The Alliance for Sleep announced results from its survey, Wake Up America: The Night & Day Impact of Insomnia, conducted online by The Harris Poll. This US survey was created under the direction of sleep experts, supported by Idorsia Pharmaceuticals US, to bring to life the complexities of insomnia and highlight changes needed to improve the ability of patients and healthcare providers to address this prevalent sleep/wake disorder.

The Wake Up America survey reveals that trouble sleeping and insomnia have a massive impact on a variety of aspects across people’s lives—during both the day and night. More than half of people with trouble sleeping (PWTS) feel frustrated and 70% report that they are desperate to find a solution that helps them get quality sleep and fully function the next day. 

Sleep is overwhelmingly seen as the third pillar of health, alongside diet and exercise (98% of primary care physicians (PCPs) and 91% of PWTS). Yet despite acknowledging the importance of sleep, just 66% of PCPs report frequently asking about sleep during routine visits and only 27% of people with trouble sleeping report that their doctors ask about their sleep during every visit. Additionally, more than half (57%) of PWTS who have not been diagnosed with insomnia have not spoken about their trouble sleeping with their doctor.

“Despite seeing first-hand the toll of insomnia with our patients, these findings were still startling in that they highlight the extent of the problem on all aspects of people’s lives. But what is perhaps most shocking is the disconnect between the lengths people are willing to go to fix their sleep issues and the lack of conversation happening in doctors’ offices,” says Ruth Benca, MD, PhD, co-chair of The Alliance for Sleep, in a release. “We hope these survey results will spark a true wake up call for Americans, both patients and healthcare providers, demonstrating things need to change if we are to shore up sleep as the third pillar of health.”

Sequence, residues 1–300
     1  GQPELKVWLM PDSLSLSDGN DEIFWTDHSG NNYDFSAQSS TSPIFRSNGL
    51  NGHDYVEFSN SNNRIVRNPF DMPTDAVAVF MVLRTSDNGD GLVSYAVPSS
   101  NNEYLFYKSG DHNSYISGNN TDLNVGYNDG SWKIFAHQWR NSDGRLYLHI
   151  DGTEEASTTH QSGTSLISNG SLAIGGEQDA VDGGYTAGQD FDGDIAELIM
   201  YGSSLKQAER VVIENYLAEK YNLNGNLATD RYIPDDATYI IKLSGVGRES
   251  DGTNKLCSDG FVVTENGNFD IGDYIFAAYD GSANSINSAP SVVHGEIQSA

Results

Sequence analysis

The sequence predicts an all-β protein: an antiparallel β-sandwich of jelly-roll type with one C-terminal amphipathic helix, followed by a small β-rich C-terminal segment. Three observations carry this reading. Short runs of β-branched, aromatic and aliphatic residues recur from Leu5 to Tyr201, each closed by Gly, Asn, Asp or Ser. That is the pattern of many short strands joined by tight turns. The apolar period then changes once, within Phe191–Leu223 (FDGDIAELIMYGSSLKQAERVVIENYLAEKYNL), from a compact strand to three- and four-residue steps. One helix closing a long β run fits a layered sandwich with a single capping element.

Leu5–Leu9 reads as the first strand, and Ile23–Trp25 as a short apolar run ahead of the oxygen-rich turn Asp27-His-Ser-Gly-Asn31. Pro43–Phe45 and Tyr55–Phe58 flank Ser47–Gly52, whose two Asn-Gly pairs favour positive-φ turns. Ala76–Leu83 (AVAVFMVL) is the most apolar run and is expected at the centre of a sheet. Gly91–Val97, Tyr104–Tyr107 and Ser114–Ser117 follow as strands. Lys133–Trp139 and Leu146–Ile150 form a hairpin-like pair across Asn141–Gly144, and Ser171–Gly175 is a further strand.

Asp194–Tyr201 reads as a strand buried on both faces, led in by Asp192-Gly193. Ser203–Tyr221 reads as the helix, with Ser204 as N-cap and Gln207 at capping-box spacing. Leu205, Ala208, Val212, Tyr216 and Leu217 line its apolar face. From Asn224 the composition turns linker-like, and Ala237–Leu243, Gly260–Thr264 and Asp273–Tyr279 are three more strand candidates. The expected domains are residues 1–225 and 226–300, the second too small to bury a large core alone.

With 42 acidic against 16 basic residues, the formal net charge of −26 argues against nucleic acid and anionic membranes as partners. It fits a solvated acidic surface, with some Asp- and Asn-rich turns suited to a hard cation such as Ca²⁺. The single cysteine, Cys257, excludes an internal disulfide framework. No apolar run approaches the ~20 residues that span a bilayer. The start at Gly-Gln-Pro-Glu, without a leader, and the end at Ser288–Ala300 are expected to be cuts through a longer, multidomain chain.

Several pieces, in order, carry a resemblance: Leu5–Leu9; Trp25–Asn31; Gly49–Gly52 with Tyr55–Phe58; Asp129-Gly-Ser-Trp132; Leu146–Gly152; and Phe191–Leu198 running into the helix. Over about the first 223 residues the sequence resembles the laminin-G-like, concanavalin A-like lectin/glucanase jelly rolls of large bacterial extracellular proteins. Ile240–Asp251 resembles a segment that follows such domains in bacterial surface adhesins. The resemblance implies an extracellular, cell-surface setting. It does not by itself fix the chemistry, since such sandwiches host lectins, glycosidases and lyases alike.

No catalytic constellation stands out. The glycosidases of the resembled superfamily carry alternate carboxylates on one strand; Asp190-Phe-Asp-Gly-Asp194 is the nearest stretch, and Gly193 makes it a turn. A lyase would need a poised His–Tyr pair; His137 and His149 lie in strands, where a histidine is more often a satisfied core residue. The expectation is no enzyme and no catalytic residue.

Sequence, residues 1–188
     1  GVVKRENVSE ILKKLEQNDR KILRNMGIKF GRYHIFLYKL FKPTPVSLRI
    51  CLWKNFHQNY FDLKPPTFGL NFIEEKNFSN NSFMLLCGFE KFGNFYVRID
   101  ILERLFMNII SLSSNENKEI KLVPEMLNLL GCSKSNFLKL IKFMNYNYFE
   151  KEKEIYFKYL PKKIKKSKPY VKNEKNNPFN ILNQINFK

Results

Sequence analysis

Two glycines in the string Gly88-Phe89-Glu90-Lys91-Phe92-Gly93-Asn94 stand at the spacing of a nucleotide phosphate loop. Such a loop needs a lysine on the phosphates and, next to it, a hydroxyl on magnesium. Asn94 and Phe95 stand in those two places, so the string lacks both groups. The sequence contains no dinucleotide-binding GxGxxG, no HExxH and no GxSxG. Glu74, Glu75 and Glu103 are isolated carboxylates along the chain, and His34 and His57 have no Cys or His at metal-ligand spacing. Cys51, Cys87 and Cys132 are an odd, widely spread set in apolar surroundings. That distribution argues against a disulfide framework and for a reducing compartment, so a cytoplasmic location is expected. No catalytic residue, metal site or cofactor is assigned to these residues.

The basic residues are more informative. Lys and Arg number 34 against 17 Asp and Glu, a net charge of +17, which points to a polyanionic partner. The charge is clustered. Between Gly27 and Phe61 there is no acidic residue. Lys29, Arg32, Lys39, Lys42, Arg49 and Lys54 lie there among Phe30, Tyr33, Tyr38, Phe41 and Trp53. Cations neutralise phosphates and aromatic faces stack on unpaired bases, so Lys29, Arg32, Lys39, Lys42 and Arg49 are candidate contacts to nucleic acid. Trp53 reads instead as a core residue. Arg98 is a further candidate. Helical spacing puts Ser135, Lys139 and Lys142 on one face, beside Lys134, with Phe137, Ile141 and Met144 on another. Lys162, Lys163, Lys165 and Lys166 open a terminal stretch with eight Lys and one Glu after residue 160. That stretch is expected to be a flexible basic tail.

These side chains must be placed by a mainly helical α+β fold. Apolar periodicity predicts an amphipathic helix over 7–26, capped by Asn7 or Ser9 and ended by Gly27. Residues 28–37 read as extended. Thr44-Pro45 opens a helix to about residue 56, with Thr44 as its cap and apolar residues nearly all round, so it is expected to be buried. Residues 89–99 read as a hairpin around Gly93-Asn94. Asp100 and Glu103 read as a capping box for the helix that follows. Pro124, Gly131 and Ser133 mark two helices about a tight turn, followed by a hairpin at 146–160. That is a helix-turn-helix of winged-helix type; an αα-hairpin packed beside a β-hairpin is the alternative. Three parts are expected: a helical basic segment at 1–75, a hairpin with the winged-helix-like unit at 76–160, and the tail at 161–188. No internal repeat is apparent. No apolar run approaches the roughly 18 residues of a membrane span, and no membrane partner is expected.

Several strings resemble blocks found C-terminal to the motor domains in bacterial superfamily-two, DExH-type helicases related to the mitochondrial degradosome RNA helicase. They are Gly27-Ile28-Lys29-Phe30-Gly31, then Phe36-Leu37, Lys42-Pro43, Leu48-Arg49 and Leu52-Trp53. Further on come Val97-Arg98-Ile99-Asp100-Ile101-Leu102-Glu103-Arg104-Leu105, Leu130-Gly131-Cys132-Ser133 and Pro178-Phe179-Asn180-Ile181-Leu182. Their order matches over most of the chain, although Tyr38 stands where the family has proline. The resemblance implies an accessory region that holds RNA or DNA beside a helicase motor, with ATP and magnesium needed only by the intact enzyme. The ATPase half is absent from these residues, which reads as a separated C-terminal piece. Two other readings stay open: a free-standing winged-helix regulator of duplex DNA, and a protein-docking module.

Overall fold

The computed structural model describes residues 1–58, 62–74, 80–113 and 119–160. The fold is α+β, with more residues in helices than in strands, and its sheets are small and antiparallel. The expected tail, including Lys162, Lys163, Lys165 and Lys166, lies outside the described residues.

The survey documents knowledge gaps and the presence of stigma when it comes to sleep and treating sleep issues. Nearly three-quarters (74%) of PWTS believe they are very or somewhat knowledgeable about sleep and insomnia.

But approximately two-thirds of PWTS believe common sleep myths including: “Your body can get used to functioning on less sleep” and “Naps make up for loss of sleep during the night” (63% and 61% falsely believe or are not sure about each, respectively). Two-thirds (66%) of those who take or have taken prescription sleep medication believe there is a stigma associated with prescription sleep medication.

“Asking people and healthcare providers to open up about a basic human need—sleep—revealed an overwhelming need for education. Based on these findings, we are expanding and intensifying our commitment to education, supporting the prioritization of sleep, and the recognition of insomnia as a medical condition that, when left unmanaged, can have devastating effects on a person’s overall health and wellbeing,” says Patricia Torr, president and general manager of Idorsia US, in a release.

Additional findings from the Wake Up America survey further reinforce the need for education, increased awareness and change in key areas:

  • Negative daytime effects across work and relationships:
    • 29% report struggles at work
    • 27% report financial struggles
    • 19% report end of a relationship with friends/family
    • 13% report end of a romantic relationship
    • 10% report ever experiencing job loss
  • Impact on work productivity:
    • Employed PWTS estimate they lose eight hours of work a week, on average
    • That turns into 416 hours lost each year per employee in the U.S.
    • In total, an estimated 6.5 billion hours total of lost work across the U.S. due trouble sleeping.

The Alliance for Sleep is developing a roadmap to support patients and healthcare providers in addressing insomnia.